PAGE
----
Holy, Crazy City!
Renowned Indophile, Mark Twain, proclaimed the greatness of Varanasi as follows, “Benares is older than history, older than tradition, older than even legend, and looks twice as old as all of them put together.”
I first visited Varanasi, located in the North Indian state of Uttar Pradesh, in the spring of 2012. It was one of my first ventures to the North after studying at the well-traversed Ashtangi spot, the K. Pattabhi Jois Ashtanga Yoga Institute, located in Mysore. I returned again this year and plan to return next year. And the year after that. Such is the magnetism of a place like Varanasi. It compels you to take another look, and another, closer still.
The people you meet make Varanasi charismatic and vibrant, spiritually charged and heady. Its magnetism is generated by the surge of humanity that congregates at this śakti pītḥa—place of spiritual power—to bathe in and worship the Ganges River. To be cremated here is to overcome saṃsāra, the “endless cycle not only of death and birth, but also of attachment and illness, or social and material suffering,” and thus attain moksa, eternal liberation from the dualities of nature and existence.
Varanasi is also a terrific assault to the senses. It’s loud, dusty, downright dirty. The sound of ice cream bells on bicycle rickshaws rings from every possible direction, alongside the noise of motorcycles, cars, scooters and trucks. One must side-step animal and human waste, fruit and vegetable refuse, as well as one-time-use claypots from which you drink, only to smash onto the roadside, thus avoiding intercaste “contamination.” Cows, goats, dogs, horses, several types of vehicles and humans of every age and size all jockey for street space. It’s pretty messy. You have to psyche yourself up to walk along the main road.
History Reinvents Itself
Also known as Kashi and Benares, Varanasi is said to be the oldest inhabited city in India. The name possibly comes from a combination of two rivers still flowing in Varanasi: the Varuna and the Assi. It is also a revered place of “ancient historic, cultural and religious heritage” and is considered to be “the most holy of the seven sacred cities, sapta puri, of Hinduism.”
Legions of lay pilgrims and visitors from different parts of Central India come to pay respects to the holy place and gain religious merit. You see the odd Western or far Eastern face of a spiritual tourist on occasion, mirroring your feelings—ranging from mild and dazed confusion to complete and utter discord. To meet someone’s gaze is to unwittingly invite unsolicited offers for rickshaw rides, invitations to “come and see my shop” and get a good price discount and promises of the best silk sarees in town.
The majority of men habitually chew paan—a stimulating mixture of betel leaves and cured tobacco—leaving them with menacing red teeth and talking out the sides of their mouths. You have to watch where the next trajectory of red spittle will land.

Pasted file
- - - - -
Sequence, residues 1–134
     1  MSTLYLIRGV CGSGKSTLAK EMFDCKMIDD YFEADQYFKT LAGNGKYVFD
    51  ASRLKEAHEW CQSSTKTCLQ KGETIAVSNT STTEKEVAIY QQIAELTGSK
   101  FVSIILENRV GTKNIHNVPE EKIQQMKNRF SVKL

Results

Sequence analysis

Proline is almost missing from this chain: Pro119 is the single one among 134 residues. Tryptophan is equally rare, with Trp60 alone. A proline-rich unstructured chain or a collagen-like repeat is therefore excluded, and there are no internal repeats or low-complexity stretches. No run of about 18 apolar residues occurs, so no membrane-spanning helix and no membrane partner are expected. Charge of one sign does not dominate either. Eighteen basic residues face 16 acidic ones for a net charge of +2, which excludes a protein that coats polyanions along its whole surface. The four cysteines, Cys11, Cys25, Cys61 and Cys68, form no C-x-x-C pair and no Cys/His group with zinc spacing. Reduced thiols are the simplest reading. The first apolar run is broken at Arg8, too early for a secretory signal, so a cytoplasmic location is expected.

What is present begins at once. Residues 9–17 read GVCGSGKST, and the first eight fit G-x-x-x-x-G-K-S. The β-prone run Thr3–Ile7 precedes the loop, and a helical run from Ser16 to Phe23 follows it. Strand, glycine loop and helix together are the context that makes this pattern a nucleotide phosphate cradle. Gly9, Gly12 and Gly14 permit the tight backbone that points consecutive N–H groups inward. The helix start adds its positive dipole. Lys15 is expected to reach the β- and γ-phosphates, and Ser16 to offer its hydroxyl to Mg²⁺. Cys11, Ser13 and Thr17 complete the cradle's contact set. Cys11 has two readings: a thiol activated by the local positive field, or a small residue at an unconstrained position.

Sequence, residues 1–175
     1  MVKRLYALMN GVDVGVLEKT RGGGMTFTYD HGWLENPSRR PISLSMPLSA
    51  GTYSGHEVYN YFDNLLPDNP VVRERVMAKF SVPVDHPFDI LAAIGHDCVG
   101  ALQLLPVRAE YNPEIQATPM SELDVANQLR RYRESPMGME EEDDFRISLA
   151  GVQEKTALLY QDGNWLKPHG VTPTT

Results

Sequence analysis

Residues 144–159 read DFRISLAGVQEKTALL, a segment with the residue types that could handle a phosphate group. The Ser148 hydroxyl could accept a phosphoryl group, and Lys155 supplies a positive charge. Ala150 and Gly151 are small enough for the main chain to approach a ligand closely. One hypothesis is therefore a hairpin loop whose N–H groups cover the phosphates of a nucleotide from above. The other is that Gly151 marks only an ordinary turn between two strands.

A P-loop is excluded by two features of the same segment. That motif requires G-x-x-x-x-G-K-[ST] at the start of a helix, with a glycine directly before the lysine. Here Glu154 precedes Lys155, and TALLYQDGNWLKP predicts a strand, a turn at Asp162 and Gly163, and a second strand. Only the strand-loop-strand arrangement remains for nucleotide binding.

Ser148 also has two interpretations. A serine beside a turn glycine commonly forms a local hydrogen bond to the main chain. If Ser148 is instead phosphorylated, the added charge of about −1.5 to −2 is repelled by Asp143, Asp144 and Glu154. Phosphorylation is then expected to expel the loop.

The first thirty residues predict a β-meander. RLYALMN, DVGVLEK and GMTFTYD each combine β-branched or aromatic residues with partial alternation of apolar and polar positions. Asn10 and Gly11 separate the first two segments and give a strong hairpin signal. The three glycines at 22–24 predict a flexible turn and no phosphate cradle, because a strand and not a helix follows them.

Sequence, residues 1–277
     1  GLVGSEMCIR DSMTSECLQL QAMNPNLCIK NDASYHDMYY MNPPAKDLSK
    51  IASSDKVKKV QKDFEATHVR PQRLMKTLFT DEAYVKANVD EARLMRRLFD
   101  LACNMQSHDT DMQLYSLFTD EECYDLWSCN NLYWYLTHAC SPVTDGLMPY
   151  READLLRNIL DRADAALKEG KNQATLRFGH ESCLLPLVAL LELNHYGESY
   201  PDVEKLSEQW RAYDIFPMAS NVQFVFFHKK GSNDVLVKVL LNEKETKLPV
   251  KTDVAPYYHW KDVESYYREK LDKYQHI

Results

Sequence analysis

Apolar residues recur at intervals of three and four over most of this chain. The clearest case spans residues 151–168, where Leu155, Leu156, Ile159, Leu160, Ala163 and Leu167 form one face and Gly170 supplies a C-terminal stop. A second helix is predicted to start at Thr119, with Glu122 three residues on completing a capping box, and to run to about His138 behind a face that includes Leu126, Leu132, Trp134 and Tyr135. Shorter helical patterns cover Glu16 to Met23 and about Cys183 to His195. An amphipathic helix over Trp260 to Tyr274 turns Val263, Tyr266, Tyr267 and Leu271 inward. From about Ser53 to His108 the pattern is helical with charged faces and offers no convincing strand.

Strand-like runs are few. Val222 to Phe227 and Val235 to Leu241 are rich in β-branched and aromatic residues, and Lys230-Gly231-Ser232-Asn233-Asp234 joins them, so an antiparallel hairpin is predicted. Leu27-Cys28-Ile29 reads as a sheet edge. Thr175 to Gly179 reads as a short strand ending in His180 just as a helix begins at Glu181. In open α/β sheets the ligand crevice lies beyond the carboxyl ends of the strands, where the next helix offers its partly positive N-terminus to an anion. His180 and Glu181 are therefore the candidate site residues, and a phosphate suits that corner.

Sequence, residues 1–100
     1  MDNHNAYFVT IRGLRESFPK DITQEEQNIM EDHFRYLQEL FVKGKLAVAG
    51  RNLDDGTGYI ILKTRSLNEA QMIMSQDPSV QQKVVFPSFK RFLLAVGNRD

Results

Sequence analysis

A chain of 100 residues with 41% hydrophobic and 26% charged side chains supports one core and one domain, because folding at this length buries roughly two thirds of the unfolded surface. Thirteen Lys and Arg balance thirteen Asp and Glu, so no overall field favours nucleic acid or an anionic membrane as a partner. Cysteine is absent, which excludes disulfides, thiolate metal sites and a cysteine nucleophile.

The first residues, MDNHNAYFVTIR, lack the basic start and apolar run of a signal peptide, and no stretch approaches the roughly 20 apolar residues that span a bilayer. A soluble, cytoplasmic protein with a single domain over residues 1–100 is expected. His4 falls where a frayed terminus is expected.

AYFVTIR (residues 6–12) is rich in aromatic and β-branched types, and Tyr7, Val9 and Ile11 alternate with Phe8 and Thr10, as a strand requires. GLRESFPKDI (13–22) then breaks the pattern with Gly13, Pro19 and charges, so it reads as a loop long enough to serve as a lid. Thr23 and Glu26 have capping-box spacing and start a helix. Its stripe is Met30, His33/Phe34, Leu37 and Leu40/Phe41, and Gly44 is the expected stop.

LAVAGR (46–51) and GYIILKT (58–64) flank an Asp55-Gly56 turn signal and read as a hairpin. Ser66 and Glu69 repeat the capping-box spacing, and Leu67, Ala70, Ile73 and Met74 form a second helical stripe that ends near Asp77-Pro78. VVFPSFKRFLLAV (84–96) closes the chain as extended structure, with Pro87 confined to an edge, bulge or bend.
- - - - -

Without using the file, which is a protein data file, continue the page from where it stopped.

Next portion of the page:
People on the streets here are gritty and tough, much like the environment in which they live. Not as steely, I would imagine, as the folks cut out from Pakistan’s Northwest Territory, but a similar honest, level gaze greets you. Some challenge you with this unapologetic expression.
It feels medieval here, as though you are going back in time to a more raw existence. This sense of longstanding history is slightly misleading, however. There is no doubt that Varanasi has stood the test of time, but much of the city’s splendor was destroyed in the 12th century when Mohammad Ghauri, one of the leaders of the Ghurid Dynasty, laid the foundation of Muslim rule in India that lasted several centuries.
As a result, none of the current buildings and temples date further back than the 18th century. British author, Geoff Dyer, in his book Jeff in Venice, Death in Varanasi, explains Varanasi’s quality of cultivated antiquity as such:
“The light is ancient, but the buildings are not. None of them is older than the 18th century. The history of Varanasi is the history of how it gets razed to the ground and rebuilt, razed to the ground and rebuilt. No sooner has it been built than it looks like it’s on its last legs. Every atom of the air is saturated by history that isn’t even history, myth, so a temple built today looks, overnight, as if it’s been there since the dawn of time.”
Salvation in the Marketplace
It may seem incomprehensible that a place that sounds as dirty and confrontational as this would be attractive to visit. Once you get used to the magnificent and infuriating chaos and flurry of commotion coming from every possible direction, however, the draw is palpable. It’s a holy and crazy town. In an email written to Eddie Stern, founder of Ashtanga Yoga New York, I attempt to communicate my first impressions of Varanasi’s allure:
“Dirt, noise, defecation and death occur alongside life, prosperous trade, hustling, begging, laboring, praying, worship, celebration; cricket games and laundry go on beside the mourning of bodies burning at the cremation ghats. I mean, it’s all in your face at every moment in this town.”